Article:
Why is Google Buying so Many Tech Startup Companies?

Most people know Google as being the world’s leading search engine – in fact, as almost being synonymous with the internet search phenomenon. So massively successful has Google been in revolutionising the search industry that people often forget that there are thousands of other search engines still out there. Before discovering Google in 2001 my own search engine of choice was Wired Magazine’s HotBot, which is still in business although I can’t remember the last time I used it!

Google has established a dominant market share because its branding is simple and effective, because its search engine is easy to use, and because it brings up relevant search results when you type in a query. They are already hugely successful and are at the top of their tree, so why are Google buying up so many Tech Startups?

Appetite for Acquisitions

Google’s appetite for techie takeovers is not a new phenomenon, their first recorded acquisition being the usenet company Deja in February 2001. However, since 2010 the pace of takeovers has stepped up several gears. Since then Google has bought out over 100 companies in the UK, USA and Canada. Twelve of these new takeovers have been absorbed into the Google fold since March 2014, with May of this year being particularly busy. To what purpose is all this brain power being used?

Artificial Intelligence

The genius of Google is to recognise the potential of search technology to revolutionise the way people shop, communicate and do business. This being said, a search engine is only as good as the algorithms and technology behind it. A look at some of Google’s recent takeovers confirm what internet marketers have known for some time; that Google’s search engine is becoming very clever indeed. In January 2014, for instance, Google bought British Tech Wizards Deepmind Technologies for $650 million, not a bad price for a company founded only three years before. Deepmind’s speciality is in artificial intelligence systems, something Google hopes to bring to bear on their mobile and voice activated search systems.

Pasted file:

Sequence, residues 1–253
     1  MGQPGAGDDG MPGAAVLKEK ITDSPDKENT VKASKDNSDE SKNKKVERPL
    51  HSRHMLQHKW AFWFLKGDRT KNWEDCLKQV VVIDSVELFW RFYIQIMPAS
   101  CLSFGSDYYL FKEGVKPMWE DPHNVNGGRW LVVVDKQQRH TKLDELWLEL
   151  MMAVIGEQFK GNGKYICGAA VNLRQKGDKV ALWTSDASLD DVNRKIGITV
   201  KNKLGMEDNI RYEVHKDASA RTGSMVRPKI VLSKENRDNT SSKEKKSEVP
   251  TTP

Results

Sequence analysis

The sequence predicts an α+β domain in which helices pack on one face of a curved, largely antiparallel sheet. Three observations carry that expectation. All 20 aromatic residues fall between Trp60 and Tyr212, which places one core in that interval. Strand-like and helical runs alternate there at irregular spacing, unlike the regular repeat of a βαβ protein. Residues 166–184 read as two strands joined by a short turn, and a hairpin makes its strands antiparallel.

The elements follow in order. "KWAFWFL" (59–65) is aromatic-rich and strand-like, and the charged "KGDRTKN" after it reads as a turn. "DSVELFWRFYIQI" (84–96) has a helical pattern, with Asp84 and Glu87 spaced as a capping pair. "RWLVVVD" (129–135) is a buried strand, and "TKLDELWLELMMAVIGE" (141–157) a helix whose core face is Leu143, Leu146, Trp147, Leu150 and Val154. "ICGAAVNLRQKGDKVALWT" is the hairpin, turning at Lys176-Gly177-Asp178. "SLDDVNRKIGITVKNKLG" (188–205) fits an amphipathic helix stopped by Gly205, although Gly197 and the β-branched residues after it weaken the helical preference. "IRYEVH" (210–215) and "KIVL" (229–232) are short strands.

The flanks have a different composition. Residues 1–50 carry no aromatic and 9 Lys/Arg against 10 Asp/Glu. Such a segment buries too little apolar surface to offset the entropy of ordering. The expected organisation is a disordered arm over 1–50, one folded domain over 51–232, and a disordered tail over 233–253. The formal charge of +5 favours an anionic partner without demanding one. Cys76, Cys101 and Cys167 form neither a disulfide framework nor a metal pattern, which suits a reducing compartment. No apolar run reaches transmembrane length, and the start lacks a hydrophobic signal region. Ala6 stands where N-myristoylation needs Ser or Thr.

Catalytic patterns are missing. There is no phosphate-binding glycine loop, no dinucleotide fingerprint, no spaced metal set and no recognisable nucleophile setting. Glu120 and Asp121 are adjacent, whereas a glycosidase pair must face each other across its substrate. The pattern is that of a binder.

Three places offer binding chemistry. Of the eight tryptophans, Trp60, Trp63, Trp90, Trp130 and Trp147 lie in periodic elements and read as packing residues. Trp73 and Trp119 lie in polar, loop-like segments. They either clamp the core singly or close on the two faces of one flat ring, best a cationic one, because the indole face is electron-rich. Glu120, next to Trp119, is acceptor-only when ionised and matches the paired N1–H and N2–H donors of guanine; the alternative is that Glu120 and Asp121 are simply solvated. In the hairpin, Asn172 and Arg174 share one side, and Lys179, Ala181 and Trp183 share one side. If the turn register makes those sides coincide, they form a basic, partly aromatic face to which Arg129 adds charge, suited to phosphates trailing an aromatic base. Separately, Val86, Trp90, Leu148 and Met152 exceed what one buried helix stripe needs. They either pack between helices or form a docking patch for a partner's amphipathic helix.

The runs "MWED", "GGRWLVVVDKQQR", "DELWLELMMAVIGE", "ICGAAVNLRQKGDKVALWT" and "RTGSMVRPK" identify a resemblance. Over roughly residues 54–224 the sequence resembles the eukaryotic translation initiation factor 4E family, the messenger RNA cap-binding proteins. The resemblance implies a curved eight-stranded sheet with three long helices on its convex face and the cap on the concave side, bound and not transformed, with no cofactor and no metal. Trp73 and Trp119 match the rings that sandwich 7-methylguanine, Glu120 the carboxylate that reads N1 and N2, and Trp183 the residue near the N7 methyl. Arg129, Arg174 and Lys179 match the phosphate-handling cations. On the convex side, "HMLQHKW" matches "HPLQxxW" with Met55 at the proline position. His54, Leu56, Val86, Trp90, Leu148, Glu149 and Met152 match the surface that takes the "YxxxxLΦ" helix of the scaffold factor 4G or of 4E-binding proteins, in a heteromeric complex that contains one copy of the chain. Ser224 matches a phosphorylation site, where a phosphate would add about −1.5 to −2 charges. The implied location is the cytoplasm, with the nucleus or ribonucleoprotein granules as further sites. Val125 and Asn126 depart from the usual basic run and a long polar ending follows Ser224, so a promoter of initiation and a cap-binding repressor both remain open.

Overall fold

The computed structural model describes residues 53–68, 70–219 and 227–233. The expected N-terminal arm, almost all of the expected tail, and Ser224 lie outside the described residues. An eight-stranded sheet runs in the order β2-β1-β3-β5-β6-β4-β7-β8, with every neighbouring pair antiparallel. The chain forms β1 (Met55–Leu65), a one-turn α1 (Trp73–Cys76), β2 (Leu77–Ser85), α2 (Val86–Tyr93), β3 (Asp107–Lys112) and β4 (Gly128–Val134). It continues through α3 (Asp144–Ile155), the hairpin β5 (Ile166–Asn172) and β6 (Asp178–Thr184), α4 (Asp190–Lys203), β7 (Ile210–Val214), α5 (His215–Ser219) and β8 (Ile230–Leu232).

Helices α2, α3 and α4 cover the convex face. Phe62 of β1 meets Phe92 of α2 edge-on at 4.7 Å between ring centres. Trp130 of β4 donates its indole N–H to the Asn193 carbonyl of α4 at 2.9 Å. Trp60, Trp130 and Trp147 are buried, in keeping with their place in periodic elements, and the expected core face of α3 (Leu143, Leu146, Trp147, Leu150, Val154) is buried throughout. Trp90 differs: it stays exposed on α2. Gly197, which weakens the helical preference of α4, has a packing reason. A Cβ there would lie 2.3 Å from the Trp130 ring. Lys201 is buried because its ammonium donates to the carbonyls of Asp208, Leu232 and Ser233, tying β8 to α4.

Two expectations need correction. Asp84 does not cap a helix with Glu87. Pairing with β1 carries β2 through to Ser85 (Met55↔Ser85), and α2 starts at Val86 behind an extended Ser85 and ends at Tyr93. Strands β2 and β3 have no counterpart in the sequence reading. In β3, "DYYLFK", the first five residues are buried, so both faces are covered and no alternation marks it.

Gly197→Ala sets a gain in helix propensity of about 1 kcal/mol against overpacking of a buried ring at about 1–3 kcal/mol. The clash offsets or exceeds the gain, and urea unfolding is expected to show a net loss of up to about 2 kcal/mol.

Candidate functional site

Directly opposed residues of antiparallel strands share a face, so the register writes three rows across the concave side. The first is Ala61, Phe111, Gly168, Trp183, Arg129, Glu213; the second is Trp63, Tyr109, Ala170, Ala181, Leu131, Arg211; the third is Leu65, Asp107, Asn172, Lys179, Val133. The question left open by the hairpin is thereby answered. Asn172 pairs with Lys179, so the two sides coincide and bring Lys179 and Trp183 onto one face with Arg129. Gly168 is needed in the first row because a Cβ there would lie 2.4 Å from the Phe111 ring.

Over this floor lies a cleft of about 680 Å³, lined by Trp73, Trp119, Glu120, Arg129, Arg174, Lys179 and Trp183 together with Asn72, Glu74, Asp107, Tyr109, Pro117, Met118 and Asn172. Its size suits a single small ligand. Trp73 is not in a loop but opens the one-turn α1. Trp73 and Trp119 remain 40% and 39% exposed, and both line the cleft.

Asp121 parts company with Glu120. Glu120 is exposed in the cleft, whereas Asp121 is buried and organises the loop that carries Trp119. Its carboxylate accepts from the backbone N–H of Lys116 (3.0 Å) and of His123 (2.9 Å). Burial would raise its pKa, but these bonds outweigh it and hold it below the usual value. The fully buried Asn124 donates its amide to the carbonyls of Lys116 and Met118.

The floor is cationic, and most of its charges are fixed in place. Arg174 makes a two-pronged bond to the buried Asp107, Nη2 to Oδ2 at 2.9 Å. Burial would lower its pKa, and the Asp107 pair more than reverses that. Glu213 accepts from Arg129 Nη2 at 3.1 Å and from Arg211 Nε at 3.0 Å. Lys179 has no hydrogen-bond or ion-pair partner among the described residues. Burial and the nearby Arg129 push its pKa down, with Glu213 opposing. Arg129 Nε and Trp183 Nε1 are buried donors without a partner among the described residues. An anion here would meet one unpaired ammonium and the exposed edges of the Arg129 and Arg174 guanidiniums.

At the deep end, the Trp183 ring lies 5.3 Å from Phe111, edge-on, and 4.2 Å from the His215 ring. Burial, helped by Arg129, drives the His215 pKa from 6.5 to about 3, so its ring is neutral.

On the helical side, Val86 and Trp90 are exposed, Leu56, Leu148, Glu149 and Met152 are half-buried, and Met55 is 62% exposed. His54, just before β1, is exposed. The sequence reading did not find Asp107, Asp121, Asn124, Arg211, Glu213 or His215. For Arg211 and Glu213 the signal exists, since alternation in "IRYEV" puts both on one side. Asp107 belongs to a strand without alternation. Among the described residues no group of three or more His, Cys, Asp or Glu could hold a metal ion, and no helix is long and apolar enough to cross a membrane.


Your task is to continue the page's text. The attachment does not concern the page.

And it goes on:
Natural Speech

The problem with robots in general and search engines in particular, is their inability to appreciate the nuances of human language. Hence the search engine’s historic dependence on clunky ‘keywords’ as vectors of search results. In December 2012 Google took on Ray Kurzweil as their Director of Engineering, a move signifying a concerted drive towards an algorithm able to identify natural speech patterns. Kurzweil is best known as an outspoken futurist and advocate of exotic ‘transhuman’ technologies, but his primary expertise is in voice recognition software; a field he pioneered in the late 1980s.

What is emerging in Google’s plan is a dual focus on cutting edge artificial intelligence and language recognition. When this is combined with some of the exciting tech ventures Google is pursuing, such as Google Glass and the Google Drive self- operating car; we discover that the primary goal of Google is intelligent robotic technology, NOT internet searches. The algorithm updates that have so annoyed SEO professionals over the last few years may be only the beginning. Google seems to be on the verge of ushering in a genuinely revolutionary overhaul of information technology and how we use the internet in our daily lives.